“I remember thinking, it would have been nice if somebody else knew that,” says DeMoss, who believes such revelations would have made more evangelicals comfortable supporting a Mormon candidate.

Huntsman’s entry into the presidential race could make Mormonism less of an issue if it has a mainstreaming effect. But the two candidates’ religious affiliations could play out quite differently.

Romney has long been active in the Church of Jesus Christ of Latter-day Saints (LDS), having occupied Mormon leadership positions like bishop (the rough equivalent of a lay pastor) and stake president (someone who oversees groups of Mormon congregations).

“I believe in my Mormon faith and I endeavor to live by it,” Romney said in a December 2007 speech in which he addressed his Mormonism. “My faith is the faith of my fathers — I will be true to them and to my beliefs.”

Huntsman, like Romney, spent two years abroad as a Mormon missionary but has kept some distance from the LDS church. As governor of Utah, he loosened liquor laws that had been inspired by Mormon orthodoxy and broke with his church in signing a law allowing civil unions for gay couples.

In a recent television interview, Huntsman affirmed his Mormon faith but added that Mormonism is “a very diverse and heterogeneous cross-section of people. ... I probably add to that diversity somewhat.”

A Huntsman adviser who often deals with the media declined to respond to requests for comment.

Matthew Bowman, an editor at a Mormon studies journal called Dialogue, says Huntsman hails from a slightly younger generation of Mormons who are less defensive about their Mormonism.

“Huntsman is a Mormon who thinks of his faith not as something that separates him from American culture or as something he has to defend or explain away, which is what Romney did,” says Bowman. “Romney is always hyperaware of his Mormonism.”

That means Huntsman may face fewer questions about his Mormonism should he run.

The LDS church, for its part, says its policy is to steer clear of electoral politics. Some church observers say the controversy the church generated by supporting California’s 2008 gay marriage ban, Proposition 8, exacerbated its political reticence.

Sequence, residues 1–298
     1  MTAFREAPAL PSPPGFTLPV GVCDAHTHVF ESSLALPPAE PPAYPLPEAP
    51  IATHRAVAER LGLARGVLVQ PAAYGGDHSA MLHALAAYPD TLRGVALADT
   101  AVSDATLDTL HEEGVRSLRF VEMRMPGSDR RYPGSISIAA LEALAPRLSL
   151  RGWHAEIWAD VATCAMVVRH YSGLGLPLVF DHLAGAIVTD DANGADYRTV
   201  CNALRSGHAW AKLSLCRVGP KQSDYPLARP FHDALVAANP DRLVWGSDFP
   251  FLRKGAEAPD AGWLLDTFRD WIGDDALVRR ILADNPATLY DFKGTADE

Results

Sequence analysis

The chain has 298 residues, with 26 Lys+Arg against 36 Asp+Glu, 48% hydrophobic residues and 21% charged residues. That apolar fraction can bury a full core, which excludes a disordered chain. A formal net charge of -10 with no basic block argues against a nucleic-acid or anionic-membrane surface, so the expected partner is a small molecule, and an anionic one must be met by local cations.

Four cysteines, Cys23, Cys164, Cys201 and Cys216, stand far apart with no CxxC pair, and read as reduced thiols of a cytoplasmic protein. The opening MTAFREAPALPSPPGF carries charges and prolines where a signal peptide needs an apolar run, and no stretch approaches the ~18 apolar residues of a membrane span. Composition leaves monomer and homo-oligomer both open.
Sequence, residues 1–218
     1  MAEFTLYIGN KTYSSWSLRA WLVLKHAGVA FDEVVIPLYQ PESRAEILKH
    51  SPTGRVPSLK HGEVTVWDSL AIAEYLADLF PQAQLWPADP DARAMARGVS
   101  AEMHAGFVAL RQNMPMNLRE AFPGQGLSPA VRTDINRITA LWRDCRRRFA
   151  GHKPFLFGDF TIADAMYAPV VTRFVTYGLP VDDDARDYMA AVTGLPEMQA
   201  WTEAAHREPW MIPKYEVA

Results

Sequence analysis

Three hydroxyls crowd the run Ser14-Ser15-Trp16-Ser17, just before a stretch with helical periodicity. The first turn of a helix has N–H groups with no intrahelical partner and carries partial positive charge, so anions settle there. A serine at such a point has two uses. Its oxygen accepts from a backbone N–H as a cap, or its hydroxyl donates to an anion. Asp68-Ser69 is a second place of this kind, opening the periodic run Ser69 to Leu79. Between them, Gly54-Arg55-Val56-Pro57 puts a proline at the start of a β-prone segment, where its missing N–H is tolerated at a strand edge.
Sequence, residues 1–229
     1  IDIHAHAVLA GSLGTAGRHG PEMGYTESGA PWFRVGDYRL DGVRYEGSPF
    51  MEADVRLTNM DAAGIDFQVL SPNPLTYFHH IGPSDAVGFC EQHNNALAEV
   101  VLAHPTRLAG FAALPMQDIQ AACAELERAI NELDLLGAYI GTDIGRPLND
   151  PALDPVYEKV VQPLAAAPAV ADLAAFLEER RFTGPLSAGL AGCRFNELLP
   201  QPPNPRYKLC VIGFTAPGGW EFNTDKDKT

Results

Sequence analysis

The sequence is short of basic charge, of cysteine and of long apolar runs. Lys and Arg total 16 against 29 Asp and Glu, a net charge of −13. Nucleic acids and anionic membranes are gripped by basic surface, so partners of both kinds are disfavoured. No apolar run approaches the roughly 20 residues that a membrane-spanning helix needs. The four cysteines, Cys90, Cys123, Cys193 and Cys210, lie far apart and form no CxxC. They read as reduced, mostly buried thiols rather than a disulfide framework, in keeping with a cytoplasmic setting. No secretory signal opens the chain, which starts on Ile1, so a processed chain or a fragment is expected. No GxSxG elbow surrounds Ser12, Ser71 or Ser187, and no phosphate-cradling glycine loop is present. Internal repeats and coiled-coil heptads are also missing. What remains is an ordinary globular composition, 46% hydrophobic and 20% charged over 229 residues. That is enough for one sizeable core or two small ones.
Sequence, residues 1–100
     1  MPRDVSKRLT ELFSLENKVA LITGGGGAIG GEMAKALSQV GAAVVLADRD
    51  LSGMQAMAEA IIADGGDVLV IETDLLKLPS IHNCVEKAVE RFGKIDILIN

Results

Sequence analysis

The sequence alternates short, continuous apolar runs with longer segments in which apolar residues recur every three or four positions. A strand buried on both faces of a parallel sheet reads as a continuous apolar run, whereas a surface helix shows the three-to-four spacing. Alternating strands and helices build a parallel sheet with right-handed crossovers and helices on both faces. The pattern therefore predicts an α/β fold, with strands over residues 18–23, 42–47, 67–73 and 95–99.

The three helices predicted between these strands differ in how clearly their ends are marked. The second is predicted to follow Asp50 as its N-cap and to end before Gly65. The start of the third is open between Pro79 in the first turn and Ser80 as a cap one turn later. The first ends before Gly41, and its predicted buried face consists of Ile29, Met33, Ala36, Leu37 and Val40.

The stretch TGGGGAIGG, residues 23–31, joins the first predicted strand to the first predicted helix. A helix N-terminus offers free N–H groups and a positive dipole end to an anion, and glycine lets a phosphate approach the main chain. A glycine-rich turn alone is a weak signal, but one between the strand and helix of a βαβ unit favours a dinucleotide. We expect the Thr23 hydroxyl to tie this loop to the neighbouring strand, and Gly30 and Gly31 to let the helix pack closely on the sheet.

At the same time, the church has capitalized on increased attention paid to Mormonism - provoked by everything from Romney’s 2008 campaign to the current hit Broadway musical, “Book of Mormon” - with a succession of public awareness campaigns.

The church website Mormon.org, for example, was recently revamped with an eye toward educating non-Mormons about the religion. The site features video profiles of Mormons from different walks of life.

“The message of these ads is that members of the Church of Jesus Christ of Latter-Day Saints are your friends and neighbors,” says Purdy, the church spokesman. “We are professionals and tradespeople, artists and teachers and everything in between.”

Put another way, the message is that Mormons are normal, everyday Americans.

With the Republican primary race finally starting in earnest, the nation is about get a major glimpse into whether GOP voters agree.

- CNN Belief Blog Co-Editor

Filed under: Mitt Romney • Mormonism • Politics

soundoff (3,046 Responses)
  1. Abe

    YOU GOTTA BE KIDDING ME! Really? We were ready for the 1st Black President (LOOK WHERE THAT GOT US!) but we are somehow not ready for the 1st Mormon President?

    June 2, 2011 at 5:33 pm |
  2. Reality

    Once again, all the conservative votes in the country "ain't" going to help a "pro-life" presidential candidate, i.e Romney, in 2012 as the "Immoral Majority" rules the country and will be doing so for awhile. The "Immoral Majority" you ask?---